Blood tests of everyone in Darlinghurst, Kings Cross and the rest of the city at a weekend would be over 50 per cent positive to ecstasy, cocaine, speed and/or cannabis. Sniffer dogs would be at risk of overdosing if unleashed and given their heads in public streets at weekends in the inner city.
Monday, August 31, 2009
Savage sentencing shames Australia
Sydney Barrister Charles Waterstreet, writing in yesterday’s Sun Herald, compares Australia with Indonesia in the extreme severity of its sentencing for drug offences. He tells of two Dutch police here to testify in an ecstasy importation case who were "astonished at the savagery of our sentences for large ecstasy importations from Europe."
"We send them away for 20 years," wrote Waterstreet. "In the Netherlands, ecstasy supply is treated as a tax offence – offenders are dealt with for the taxes they avoided in the supply. They get a couple of years."
"The Netherlands regards Australia as the Indonesia of the Pacific," he wrote in the context of Schapelle Corby's 20-year sentence there.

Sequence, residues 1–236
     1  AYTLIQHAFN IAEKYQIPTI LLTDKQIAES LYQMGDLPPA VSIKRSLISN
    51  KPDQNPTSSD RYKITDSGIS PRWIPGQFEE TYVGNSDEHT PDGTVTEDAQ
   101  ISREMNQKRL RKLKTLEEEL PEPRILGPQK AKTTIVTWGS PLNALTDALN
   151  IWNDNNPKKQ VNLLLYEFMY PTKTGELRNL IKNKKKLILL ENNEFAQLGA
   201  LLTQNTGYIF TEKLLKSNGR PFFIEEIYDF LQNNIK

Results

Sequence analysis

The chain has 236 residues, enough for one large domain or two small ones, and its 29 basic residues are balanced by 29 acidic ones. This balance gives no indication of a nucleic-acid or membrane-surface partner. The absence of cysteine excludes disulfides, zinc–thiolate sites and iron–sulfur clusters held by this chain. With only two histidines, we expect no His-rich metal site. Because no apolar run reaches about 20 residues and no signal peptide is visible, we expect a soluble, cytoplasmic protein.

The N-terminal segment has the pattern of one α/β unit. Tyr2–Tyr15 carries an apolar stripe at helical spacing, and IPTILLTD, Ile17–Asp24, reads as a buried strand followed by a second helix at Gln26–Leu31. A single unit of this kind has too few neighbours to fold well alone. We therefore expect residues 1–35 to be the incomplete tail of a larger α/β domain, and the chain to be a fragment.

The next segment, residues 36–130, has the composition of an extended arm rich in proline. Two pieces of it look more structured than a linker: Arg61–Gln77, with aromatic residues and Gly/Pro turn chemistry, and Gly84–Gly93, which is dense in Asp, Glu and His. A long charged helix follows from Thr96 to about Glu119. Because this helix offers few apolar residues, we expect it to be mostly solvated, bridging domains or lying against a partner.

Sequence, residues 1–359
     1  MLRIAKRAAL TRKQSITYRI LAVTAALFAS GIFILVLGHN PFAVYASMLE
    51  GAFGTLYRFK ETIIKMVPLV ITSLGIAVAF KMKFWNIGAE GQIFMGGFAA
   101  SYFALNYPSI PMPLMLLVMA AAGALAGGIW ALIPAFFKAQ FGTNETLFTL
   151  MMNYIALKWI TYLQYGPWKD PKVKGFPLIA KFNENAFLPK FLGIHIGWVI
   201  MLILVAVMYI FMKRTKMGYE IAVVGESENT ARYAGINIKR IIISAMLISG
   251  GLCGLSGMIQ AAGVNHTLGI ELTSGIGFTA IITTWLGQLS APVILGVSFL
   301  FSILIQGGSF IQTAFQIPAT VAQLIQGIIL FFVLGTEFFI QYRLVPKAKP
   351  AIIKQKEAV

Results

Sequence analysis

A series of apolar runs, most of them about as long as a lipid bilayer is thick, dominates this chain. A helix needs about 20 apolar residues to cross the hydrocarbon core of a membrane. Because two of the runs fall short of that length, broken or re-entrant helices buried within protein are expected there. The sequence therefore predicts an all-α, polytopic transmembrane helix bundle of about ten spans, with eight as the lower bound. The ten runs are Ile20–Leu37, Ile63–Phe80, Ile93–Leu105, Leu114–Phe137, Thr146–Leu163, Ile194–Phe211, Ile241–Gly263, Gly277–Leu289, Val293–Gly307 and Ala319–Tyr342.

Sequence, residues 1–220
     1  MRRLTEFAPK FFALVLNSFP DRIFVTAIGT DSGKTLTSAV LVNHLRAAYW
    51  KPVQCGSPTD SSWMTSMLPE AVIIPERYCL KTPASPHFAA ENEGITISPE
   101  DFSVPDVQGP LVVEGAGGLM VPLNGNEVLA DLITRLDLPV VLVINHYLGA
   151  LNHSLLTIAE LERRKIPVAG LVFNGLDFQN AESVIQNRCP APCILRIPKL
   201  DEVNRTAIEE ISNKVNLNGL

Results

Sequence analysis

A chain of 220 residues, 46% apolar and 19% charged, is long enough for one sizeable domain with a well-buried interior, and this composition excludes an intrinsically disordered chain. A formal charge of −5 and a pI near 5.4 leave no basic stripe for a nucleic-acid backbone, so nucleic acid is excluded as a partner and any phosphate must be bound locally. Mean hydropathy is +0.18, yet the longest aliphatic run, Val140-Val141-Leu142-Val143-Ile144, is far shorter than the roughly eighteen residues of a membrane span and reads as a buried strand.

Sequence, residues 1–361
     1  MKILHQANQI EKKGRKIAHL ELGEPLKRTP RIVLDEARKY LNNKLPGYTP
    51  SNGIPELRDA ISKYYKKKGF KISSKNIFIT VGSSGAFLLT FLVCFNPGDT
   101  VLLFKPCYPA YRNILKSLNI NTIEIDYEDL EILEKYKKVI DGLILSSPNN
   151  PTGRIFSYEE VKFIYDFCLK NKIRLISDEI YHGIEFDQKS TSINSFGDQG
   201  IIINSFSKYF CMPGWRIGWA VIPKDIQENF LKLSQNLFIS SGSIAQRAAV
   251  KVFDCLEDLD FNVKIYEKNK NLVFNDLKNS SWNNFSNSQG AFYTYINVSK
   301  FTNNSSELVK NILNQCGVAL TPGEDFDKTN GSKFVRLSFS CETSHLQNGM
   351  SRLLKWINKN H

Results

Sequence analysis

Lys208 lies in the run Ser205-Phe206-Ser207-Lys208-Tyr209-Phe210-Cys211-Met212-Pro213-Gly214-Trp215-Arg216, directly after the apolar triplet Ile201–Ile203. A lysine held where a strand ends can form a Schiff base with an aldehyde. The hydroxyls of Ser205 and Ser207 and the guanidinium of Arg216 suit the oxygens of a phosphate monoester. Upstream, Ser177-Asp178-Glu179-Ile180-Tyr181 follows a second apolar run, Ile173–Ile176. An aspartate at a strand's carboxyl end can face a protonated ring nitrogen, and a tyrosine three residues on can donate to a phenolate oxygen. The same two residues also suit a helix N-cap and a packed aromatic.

Our sentences are severe by any standard, but considering that drug offences are victimless crimes, this sentencing is deeply unjust and therefore immoral. Local hard-heads with an empathy bypass (usually alcohol drinkers) dismiss this with the line "Well they knew it was against the law so tough luck."
But that doesn't make the law right or justify giving someone an effective life sentence for a victimless crime. At the very least, it mocks the punishment we hand out for real crimes such as rape, assault and murder, which are often shorter than drug sentences. An unjust life sentence steals a life, so it's comparable to murder. The state is the real criminal here.
The War on Drugs is a civil war, a cultural battle between a hard right ideological hangover from the 1950s and a sizeable subculture of people who simply prefer safer, better quality drugs than alcohol. As Waterstreet says:
The War on Drugs is a civil war, a war against our own people. The stupid thing is, it doesn't even work. As Albert Einstein said: "Insanity: doing the same thing over and over again and expecting different results." Australian governments should be ashamed of themselves.